Are sportsmen prone to specific injuries?


Studies into the link between genetics, sports performance and sports-related injuries become more involved.

Malcolm Collins (PhD, Associate Professor and Chief Specialist Scientist at the Medical Research Council and UCT Research Unit for Exercise Science and Sports Medicine) says that while the role of genetics in sports performance is an area of continued research, it's believed that both genetic and non-genetic factors determine sporting performance.

“Some people are born with the ‘right’ genes and have the passion and motivation to train and make the most of their genetic gift for a certain sport, they have what we call, the ‘whole package’. However, this is a very complex field as there is no one specific gene that can be pinpointed, it’s a complex make-up that is still being studied.”

Are some athletes genetically predisposed to injury?

Although Collins says this is a very new and ongoing area of research, there does seem to be evidence that certain people may have a genetic tendency towards certain injuries.

In a research paper he wrote for the British Medical Journal in 2009, titled Genetic risk factors for soft-tissue injuries 101: a practical summary to help clinicians understand the role of genetics and ‘personalised medicine’, Collins wrote that “specific genetic elements have been identified for certain soft-tissue injuries”.

In the paper, he describes how there may be a familial predisposition and/or an association of specific genetic sequence variants for conditions affecting the Achilles and rotor cuff tendons, as well as for shoulder dislocation and cruciate ligament ruptures.

This means that depending on one’s genetic make-up, some people are at a higher risk of certain injuries and it would therefore take less of a load or impact for them to be injured in this way.

So this could indeed be the cause of Bakkies’ recurring Achilles injury - although as Collins says, the research is ongoing. 

Genetic testing of athletes

While it would be amazing for everyone from professional athletes to recreational ones to be tested to see if they are indeed the ‘whole package’ and which injuries they may be more prone to, Collins says this is still a premature hope.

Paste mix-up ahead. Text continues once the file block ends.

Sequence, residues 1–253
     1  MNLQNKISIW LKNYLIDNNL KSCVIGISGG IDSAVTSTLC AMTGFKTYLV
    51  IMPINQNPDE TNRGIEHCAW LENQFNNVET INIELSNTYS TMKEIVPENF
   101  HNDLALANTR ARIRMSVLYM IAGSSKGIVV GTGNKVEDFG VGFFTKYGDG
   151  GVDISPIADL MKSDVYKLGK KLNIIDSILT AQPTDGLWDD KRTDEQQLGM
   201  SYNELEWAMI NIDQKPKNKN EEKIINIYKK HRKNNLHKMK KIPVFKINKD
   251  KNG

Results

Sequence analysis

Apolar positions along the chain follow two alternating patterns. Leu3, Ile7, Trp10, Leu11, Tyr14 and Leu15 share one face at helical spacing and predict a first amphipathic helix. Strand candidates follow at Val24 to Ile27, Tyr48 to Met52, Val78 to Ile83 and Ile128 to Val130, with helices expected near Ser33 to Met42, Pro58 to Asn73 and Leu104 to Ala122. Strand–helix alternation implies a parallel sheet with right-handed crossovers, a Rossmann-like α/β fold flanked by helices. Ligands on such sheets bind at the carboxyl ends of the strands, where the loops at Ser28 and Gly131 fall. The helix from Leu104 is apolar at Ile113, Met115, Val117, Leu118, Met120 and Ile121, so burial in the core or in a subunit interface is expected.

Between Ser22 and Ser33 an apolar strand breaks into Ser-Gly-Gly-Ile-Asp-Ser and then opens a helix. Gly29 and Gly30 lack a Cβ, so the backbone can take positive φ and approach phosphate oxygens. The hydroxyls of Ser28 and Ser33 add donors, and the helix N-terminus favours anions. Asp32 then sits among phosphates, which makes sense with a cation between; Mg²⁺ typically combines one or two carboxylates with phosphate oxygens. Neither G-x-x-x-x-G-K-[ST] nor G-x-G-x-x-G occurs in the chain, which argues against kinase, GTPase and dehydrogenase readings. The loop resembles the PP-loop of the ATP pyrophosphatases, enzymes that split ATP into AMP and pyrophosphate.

“You can’t take a single athlete and say what they’re genetically predisposed to in terms of injury because there are too many genes that are intrinsically involved and there are too many other factors to be considered too. So whatever packages do become available in the future will have to be dynamic and change as the science changes and we learn more.

“Our genes don’t change, just our understanding of them and how they work or contribute to a particular trait as our knowledge improves,” he says.

The impact of this ‘genetic knowledge’

But what impact will this have on professional athletes? As the science behind the genetic influence on sports performance and injury matures, the prospect of personalised medicine is one which has most scientists very excited.

“In theory if you could look at one individuals genetic make-up and see if they’re predisposed to certain injuries one could then provide the optimal treatment for that particular person,” says Collins.

In the case of elite athletes especially, this form of personalised medicine could not come soon enough as they want to recover fast and get back out there in as short a time as possible.

The application of personalised medicine would not only mean faster treatments however, it could also open the door to personalised training programmes which could be altered to reduce exposure to risk factors to reduce the risk of any injuries that athlete is predisposed to.

“In other words, the diagnosis and treatment of patients in the future could be determined not only by traditional examinations and specialised investigations, but also with the aid of the patient’s genetic profile,” he wrote in his paper.

Source:Malcolm Collins, PhD, Associate Professor and Chief Specialist Scientist, MRC/UCT Research Unit for Exercise Science and Sports Medicine (ESSM).

(Amy Froneman, Health24, September 2011)

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